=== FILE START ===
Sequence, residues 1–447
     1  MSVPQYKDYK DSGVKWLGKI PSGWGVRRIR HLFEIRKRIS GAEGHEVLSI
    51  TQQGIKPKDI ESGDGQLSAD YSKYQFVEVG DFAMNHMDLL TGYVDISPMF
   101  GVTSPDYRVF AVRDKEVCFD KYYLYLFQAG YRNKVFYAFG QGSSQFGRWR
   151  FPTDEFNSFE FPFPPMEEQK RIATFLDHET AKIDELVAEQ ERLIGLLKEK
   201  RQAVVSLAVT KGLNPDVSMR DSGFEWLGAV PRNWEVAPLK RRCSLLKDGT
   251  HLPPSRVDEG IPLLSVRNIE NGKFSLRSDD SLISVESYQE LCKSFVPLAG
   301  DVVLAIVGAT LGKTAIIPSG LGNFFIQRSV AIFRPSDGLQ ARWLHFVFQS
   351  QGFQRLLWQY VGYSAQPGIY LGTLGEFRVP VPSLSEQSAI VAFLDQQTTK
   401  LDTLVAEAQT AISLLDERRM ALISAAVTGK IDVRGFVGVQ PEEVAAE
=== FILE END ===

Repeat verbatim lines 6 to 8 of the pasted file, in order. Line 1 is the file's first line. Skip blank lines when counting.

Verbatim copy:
   201  RQAVVSLAVT KGLNPDVSMR DSGFEWLGAV PRNWEVAPLK RRCSLLKDGT
   251  HLPPSRVDEG IPLLSVRNIE NGKFSLRSDD SLISVESYQE LCKSFVPLAG
   301  DVVLAIVGAT LGKTAIIPSG LGNFFIQRSV AIFRPSDGLQ ARWLHFVFQS